The Kama Sutra

"Movie Magazine International" Review

(Air Date: Week Of 03/12/97)

By Mary Weems

If you're like me, you've always associated "The Kama Sutra" with sexual positions achievable only by a contortionist. But don't see "The Kama Sutra" the movie, directed by Mira Nair who also made "Salaam Bombay" and "Mississippi Masala", looking for acrobatic positions to add a jolt to your sex life.

The eroticism here is soft-core, and the final emphasis is on the love of the heart, not the body, although men will be titillated by the love wiles of the Indian courtesans, and any woman not made of stone will be mesmerized by Naveen Andrews in the role of the debauched king -- remember, he was the mesmerizing land mine defuser in "The English Patient."

The plot is subsidiary to the languorous mood and visual splendor of the Indian courts and countryside. Maya, played by Indira Varma, is the servant girl who's always gotten hand-me-downs from Princess Tara-- until it's time for Tara to marry the King, played by Andrews. Maya seduces him before his wedding night, and the rest is history. Her sensuality entrances him, and the de-flowering of his bride suffers by comparison.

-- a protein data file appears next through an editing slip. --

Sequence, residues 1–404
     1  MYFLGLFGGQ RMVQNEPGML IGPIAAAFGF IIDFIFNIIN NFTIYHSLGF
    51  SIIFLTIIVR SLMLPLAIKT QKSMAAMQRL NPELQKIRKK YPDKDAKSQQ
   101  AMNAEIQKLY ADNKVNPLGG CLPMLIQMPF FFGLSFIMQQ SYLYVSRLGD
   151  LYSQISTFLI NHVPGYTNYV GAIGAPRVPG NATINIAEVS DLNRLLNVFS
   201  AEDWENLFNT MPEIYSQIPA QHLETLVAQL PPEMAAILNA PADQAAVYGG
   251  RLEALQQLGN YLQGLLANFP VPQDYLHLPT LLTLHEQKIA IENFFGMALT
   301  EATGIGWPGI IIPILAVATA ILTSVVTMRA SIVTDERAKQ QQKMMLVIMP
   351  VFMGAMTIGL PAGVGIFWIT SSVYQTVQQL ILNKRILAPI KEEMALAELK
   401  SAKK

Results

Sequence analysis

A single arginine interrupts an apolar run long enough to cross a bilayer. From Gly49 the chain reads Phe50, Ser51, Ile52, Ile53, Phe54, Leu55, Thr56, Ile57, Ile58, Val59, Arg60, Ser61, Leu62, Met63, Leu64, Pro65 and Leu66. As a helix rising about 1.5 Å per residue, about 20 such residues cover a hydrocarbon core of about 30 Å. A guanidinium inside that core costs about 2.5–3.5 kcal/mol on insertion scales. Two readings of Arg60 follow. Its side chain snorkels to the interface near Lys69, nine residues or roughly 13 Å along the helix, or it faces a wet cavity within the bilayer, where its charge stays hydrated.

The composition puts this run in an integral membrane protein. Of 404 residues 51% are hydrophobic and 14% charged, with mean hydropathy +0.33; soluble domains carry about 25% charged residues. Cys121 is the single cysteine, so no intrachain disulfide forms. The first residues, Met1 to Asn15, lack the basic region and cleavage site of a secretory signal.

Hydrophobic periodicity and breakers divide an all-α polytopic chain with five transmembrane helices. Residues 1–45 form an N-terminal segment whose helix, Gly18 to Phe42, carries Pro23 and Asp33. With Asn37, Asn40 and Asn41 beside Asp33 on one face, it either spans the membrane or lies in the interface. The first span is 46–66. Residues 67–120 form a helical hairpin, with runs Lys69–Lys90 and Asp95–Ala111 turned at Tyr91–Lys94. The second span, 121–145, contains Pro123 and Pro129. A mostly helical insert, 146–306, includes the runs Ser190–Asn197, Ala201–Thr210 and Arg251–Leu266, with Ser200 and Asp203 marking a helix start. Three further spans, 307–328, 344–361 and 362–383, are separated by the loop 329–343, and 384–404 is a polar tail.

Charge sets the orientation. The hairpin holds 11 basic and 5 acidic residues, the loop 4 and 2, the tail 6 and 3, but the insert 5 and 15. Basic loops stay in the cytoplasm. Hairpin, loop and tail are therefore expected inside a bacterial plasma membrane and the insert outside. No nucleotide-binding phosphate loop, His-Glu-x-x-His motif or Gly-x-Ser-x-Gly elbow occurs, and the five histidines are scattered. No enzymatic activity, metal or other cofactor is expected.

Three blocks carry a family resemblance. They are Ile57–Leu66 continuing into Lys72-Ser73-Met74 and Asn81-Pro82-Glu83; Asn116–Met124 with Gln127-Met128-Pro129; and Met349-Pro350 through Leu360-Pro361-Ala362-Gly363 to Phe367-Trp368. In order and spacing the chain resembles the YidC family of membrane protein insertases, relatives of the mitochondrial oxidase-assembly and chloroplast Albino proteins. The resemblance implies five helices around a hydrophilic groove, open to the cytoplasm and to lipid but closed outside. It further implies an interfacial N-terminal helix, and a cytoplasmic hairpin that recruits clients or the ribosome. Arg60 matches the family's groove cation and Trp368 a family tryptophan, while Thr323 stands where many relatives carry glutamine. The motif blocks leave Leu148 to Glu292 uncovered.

After rejecting the proposal of hunch-backed Prince Mika, Maya has to flee the court. She encounters a sculptor, who leads her to the school of the Kama Sutra, where women learn to dance and refine the pleasures of love. As the teacher says: The Art of love is more than the act itself.

Maya and the sculptor fall in love, but he decides that love for her has made him lose control of his art. Maya is crushed, but after a few more lessons in the Kama Sutra, she's back at court as the king's favorite courtesan, much to the consternation of her former mistress, the Queen.

It's now obvious that the king's more into opium and sex than statesmanship. He and the sculptor have ceremonial fights, and the subjects are restless, and the queen is unhappy. See some trouble brewing here?

"The Kama Sutra" is rich, satisfying cinema to be slowly savoured like love itself. See it when you're not in a hurry.

Copyright 1997 Mary Weems

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